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When overdoses go wild: Protecting the EMS provider

Learn how to anticipate, recognize, and manage violent patient encounters to minimize danger to yourself and the patient

EMS providers face a variety of hazards while on the job. About 10 percent of all EMS provider injuries are a result of some form of violence [1]. An unknown percentage of these violent acts involve patients who have abused some form of drug or medication, and present in an altered state. This article explores violent patient behavior associated with substance abuse, as well as how to anticipate and manage these situations as to minimize their danger.

Epidemiology of patient violence
While there is are no definitive statistics specific to the incidence of substance abuse-related violence against EMS providers, a 2002 study that looked at the nature of prehospital violent behavior concluded that the perceived presence of alcohol and drug use was predictive of violent behavior, along with police presence, the presence of gang members and perceived psychiatric disorder [2].

Chemistry of emotion and behavior
How humans create, experience and regulate emotion is not well understood. Chemical neurotransmitters such as dopamine, serotonin, and GABA are known to be involved in feelings such as being happy or being sad.

How we react to certain situations is rooted within the body’s autonomic nervous system. Two branches, the sympathetic and parasympathetic systems work in conjunction in each other, regulating most bodily functions on a minute-to-minute basis.

The sympathetic system is the source of the well-described “flight or fight” reflex, where the body is programmed to react to sudden stress by increasing heart rate, contractility, and respiratory rate. Blood is shunted away from the skin and GI tract and toward the heart, lung, kidneys and the broad muscle beds. The brain experiences fear, stress and anxiety. Altogether, this response to a stressor serves the body well in protecting it from harm. But this same response may be triggered by the effects of substance abuse and overdose, creating a potentially dangerous situation for patients and EMS providers alike.

Specific drugs related to violence
There are a wide variety of drugs that can be used recreationally and sometimes, illicitly to solicit a sense of pleasure and euphoria. A subset of drugs have been associated with aggressive or violent behavior. Additionally, prescription medications designed specifically to manage various psychiatric conditions have known to trigger acts of verbal and/or physical aggression, sometimes unexpectedly. Here are the drugs EMS providers commonly encounter.

Ethyl alcohol, or ethanol is the intoxicating ingredient in beer, wine and spirits. Ethanol is a central nervous system depressant, raising levels of GABA neurotransmitters that first cause a euphoric effect, followed by a general slowing of bodily functions. Excessive amounts will cause both cognitive and physical dysfunction.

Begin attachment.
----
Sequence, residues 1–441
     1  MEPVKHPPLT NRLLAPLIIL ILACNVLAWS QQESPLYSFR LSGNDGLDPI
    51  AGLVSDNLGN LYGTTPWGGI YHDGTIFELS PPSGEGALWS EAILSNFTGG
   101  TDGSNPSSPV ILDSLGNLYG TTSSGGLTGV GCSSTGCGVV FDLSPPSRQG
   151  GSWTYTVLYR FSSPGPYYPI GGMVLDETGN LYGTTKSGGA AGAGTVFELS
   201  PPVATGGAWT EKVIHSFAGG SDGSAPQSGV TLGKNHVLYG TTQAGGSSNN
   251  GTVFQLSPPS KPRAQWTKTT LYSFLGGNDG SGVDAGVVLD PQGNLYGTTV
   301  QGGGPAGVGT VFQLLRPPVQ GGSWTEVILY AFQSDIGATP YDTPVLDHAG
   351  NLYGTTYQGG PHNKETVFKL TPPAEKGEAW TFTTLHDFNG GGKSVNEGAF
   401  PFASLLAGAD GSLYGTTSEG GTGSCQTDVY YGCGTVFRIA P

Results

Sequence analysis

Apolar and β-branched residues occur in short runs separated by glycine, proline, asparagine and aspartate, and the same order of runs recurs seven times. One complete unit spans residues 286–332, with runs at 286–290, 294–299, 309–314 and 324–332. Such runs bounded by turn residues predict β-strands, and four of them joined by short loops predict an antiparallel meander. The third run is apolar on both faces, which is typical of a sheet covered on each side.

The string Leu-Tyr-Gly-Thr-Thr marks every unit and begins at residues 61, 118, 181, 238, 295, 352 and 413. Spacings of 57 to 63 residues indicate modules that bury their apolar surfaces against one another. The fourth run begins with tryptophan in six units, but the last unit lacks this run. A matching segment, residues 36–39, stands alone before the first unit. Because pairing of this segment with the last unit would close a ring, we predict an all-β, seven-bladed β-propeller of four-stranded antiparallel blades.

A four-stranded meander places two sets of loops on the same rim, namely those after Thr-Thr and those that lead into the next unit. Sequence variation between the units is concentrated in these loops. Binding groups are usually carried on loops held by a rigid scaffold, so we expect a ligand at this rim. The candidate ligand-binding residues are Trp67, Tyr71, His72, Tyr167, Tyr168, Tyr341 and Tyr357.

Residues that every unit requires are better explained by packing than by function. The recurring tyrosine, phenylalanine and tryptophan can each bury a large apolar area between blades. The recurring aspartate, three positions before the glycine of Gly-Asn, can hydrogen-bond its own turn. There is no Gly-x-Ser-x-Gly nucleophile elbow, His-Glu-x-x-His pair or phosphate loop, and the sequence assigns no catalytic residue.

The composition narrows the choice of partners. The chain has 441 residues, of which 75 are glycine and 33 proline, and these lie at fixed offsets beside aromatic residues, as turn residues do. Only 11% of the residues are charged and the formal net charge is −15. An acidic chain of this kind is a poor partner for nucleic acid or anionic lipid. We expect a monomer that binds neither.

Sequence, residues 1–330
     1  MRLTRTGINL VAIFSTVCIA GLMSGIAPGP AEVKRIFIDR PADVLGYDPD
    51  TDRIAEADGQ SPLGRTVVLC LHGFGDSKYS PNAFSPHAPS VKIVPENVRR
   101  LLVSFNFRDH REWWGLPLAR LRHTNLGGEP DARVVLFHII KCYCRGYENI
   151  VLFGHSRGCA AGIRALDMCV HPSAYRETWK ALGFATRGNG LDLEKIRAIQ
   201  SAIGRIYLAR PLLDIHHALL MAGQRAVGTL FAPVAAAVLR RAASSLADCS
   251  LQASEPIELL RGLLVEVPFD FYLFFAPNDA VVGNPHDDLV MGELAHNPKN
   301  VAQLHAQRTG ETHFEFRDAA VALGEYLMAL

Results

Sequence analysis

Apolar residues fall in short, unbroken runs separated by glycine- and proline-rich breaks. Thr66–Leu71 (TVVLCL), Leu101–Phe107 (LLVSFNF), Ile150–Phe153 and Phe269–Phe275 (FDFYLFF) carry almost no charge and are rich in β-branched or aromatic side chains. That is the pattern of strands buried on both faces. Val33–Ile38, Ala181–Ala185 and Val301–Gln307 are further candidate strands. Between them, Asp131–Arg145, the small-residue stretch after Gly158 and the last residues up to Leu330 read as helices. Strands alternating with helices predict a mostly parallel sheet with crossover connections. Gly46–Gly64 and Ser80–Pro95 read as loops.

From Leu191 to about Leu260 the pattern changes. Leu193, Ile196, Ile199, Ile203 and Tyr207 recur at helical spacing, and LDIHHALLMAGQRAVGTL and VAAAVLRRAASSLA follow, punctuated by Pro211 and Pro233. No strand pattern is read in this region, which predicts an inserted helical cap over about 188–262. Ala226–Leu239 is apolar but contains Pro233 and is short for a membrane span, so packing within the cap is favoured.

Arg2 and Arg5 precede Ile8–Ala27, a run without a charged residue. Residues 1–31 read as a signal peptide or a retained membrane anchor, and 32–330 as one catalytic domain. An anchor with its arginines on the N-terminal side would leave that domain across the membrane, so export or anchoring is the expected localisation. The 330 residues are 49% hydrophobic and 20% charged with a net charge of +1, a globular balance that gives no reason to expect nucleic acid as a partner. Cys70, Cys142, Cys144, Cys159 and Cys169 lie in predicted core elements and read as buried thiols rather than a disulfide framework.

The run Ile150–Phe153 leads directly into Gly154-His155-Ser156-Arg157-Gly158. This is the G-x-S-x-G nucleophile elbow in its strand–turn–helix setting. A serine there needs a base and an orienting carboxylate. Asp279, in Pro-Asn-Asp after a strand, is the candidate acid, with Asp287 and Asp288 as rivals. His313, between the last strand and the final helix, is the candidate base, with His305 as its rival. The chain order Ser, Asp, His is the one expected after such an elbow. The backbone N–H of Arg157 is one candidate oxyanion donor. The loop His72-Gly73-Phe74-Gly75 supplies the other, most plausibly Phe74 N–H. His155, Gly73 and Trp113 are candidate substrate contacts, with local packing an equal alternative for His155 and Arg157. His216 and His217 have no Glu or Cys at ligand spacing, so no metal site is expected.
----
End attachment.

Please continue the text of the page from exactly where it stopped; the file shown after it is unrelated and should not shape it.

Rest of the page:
Alcohol is considered to be the most common drug associated with violence. People can become angry and aggressive while under the influence of ethanol. Being verbally or physically abused by another person is twice as likely to occur if ethanol is involved [3].

What makes ethanol-driven violence more unpredictable is that there is no dose-effect relationship. It is unclear why ethanol can make one person feel happy and sleepy, but cause another person to be hostile and violent.

Ethanol is also commonly used in conjunction with other drugs. It can have an additive effect, especially with other GABA related drugs such as benzodiazepines (diazepam and midazolam, for example.)

As the name indicates, this general classification of drugs stimulates the central nervous system, specifically the sympathetic portion. A common subclass of stimulants is amphetamines. Drugs such Adderall (dextroamphetamine), used to treat attention deficit disorder, belong to this category, as well as illicit drugs like methamphetamine.

An emerging stimulant, alpha-PVP is a strong stimulant with highly addictive properties. It belongs in the same classification as “bath salts.” People who have used alpha-PVP, also known as Flakka, have been known to be very physically violent, paranoid and difficult to control. The behavior is reminiscent of the older drug phenycycline, or PCP.

There is a wide regiment of prescription medications that are used to treat a variety of psychiatric conditions. Several have been linked to high incidences of aggressive or violent behavior [4]. The five most common medications in this category are listed in the following table.

Drug name

Trade Name

Used to treat



Depression, obsessive-compulsive disorder



Depression, obsessive-compulsive disorder, anxiety



Obsessive-compulsive disorder



Anxiety disorders



Anxiety disorders

Anti-smoking medication
Varenicline (Chantix) is an anti-smoking medication that works to reduce nicotine cravings by affecting the nicotinic acetylcholine receptor sites in the brain. It is 18 times more likely to be linked with violent behavior when compared to other medications [4].

Anti-malaria medication
Mefoquine (Lariam) is used to treat malaria, and has been long associated with increased violent behavior.